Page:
4 out of 5: The author's note accompanying Kate Grenville’s latest novel describes The Lieutenant as "a work of fiction ... inspired by recorded events." The recorded events are those of the life of astronomer, mathematician, and linguist William Dawes, who traveled to New South Wales in 1788 as a soldier with the first load of British prisoners tasked with establishing a British colony. Grenville’s version of Dawes, named Daniel Rooke, quickly establishes himself as a recluse once in New South Wales. Rooke builds a solitary hut on a promontory and spends his time recording weather conditions and tracing the paths of the stars.
Perhaps because of his isolation from the larger settlement, Rooke befriends a group of natives, including a young girl who takes on the task of teaching Rooke her language:
What he had not learned from Latin or Greek he was learning from the people of New South Wales. It was this: you did not learn a language without entering into a relationship with the people who spoke it with you. His friendship with Tagaran was not a list of objects, or the words for things eaten or not eaten, thrown or not thrown. It was the slow constructing of the map of a relationship.As Rooke forges relationships, tension increases between the other settlers and the natives, setting the stage for conflict.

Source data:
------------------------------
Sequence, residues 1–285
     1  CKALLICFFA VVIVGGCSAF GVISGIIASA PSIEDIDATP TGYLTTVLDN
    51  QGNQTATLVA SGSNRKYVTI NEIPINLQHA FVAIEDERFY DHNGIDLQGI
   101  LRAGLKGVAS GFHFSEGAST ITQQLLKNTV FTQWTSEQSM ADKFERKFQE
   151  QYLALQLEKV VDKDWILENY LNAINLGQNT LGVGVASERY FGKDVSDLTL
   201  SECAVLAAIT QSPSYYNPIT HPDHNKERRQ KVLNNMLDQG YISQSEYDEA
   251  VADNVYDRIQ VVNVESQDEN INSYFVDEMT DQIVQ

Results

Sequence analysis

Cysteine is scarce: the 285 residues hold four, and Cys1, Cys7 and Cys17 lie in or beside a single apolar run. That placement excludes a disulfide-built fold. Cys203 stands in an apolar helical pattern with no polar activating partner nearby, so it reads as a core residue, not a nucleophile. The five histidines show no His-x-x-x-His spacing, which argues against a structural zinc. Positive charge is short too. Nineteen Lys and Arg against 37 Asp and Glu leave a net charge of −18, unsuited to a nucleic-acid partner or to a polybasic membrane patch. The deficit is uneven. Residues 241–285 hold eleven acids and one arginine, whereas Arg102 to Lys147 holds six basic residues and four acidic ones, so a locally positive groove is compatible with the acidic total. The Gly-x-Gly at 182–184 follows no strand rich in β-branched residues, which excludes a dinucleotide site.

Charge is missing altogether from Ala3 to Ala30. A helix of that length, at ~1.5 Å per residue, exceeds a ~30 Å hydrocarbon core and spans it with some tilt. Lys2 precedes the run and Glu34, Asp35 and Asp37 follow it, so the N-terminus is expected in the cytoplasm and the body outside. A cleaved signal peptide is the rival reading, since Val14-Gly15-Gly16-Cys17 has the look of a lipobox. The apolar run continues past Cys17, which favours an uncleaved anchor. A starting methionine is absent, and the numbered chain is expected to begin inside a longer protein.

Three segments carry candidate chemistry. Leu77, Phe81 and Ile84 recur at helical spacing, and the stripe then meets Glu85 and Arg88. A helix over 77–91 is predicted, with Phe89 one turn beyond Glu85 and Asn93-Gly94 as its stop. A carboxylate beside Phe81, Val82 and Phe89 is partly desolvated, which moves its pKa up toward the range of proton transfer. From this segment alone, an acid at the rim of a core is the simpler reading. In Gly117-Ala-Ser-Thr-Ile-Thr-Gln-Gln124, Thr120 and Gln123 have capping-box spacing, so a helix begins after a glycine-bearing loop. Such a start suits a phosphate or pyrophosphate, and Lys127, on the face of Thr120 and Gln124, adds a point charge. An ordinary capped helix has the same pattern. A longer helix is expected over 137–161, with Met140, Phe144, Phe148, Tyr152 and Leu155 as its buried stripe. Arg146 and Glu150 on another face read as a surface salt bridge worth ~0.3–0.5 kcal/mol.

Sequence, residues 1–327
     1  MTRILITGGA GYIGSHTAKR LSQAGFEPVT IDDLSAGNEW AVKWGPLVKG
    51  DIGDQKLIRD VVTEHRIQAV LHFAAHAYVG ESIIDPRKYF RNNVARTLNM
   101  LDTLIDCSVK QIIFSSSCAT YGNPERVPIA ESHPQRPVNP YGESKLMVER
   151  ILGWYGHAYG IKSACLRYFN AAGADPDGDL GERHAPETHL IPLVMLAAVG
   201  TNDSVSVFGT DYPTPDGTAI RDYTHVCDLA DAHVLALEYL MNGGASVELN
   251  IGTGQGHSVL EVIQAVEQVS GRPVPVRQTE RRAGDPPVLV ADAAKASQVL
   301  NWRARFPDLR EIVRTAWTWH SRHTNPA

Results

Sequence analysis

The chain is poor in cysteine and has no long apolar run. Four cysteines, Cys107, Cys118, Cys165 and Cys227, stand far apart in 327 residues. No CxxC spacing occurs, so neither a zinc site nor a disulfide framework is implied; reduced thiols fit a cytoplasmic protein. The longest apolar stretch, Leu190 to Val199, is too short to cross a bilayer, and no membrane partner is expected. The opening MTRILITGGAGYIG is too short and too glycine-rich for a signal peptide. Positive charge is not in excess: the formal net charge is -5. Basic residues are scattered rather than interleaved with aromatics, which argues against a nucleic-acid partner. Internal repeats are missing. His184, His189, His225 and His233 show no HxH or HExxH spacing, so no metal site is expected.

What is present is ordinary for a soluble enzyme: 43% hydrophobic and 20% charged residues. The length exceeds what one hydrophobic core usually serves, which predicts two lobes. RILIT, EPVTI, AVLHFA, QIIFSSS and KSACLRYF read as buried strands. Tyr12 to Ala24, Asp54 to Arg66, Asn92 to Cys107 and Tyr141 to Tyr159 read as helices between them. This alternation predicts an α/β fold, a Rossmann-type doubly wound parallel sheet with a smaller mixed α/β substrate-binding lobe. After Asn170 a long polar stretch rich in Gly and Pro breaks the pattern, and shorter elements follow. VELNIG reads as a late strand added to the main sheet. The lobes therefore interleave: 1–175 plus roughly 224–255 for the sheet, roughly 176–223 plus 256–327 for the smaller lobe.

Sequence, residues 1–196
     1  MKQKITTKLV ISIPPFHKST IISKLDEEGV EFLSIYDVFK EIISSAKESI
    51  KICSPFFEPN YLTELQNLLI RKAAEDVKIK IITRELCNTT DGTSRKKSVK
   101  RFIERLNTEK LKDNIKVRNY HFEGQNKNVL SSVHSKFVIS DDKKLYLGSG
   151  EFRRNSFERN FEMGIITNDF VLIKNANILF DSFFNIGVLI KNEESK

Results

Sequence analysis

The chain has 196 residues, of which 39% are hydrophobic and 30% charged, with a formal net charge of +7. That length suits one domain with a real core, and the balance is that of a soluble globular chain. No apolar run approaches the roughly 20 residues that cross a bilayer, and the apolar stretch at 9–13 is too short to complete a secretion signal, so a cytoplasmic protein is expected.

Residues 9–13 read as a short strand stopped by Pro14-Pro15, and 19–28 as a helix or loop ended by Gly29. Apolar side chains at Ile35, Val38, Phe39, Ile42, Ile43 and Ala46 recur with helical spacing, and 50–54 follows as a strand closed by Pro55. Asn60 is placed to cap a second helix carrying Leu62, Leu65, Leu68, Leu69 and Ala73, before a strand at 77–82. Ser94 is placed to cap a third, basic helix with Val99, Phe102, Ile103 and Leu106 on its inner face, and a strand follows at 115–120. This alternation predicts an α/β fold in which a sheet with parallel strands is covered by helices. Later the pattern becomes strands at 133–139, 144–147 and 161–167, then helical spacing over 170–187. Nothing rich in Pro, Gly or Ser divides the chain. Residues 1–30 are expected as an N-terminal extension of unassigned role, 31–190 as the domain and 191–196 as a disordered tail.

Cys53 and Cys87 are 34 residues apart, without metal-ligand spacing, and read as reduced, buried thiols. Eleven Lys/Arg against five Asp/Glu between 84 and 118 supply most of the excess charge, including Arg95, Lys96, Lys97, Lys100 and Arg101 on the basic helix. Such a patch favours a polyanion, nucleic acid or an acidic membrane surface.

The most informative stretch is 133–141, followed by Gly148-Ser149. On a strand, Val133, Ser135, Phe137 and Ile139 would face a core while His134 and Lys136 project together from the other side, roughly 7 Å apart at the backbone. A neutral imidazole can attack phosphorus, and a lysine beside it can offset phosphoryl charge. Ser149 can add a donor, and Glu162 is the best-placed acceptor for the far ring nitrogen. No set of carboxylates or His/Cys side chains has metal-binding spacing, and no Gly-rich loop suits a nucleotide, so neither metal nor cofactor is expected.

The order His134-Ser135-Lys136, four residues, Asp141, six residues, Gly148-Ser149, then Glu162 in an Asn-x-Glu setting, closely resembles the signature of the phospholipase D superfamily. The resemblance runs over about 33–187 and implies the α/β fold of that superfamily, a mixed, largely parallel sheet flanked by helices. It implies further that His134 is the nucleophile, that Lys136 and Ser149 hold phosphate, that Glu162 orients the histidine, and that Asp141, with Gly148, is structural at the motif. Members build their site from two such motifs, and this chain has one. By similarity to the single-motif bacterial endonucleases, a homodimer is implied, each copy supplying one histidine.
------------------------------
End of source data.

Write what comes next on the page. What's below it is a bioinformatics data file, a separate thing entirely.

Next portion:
In The Lieutenant, Grenville deftly avoids the stereotypes that so often haunt stories about the displacement of native populations by white settlement. Grenville’s simple prose subtly builds up to a dramatic event with significant moral implications. Perhaps because it is based on the historical record, Rooke’s story is never overly dramatic and always rings true. His experiences demonstrate the power of language and hint at the peaceful coexistence that could have been.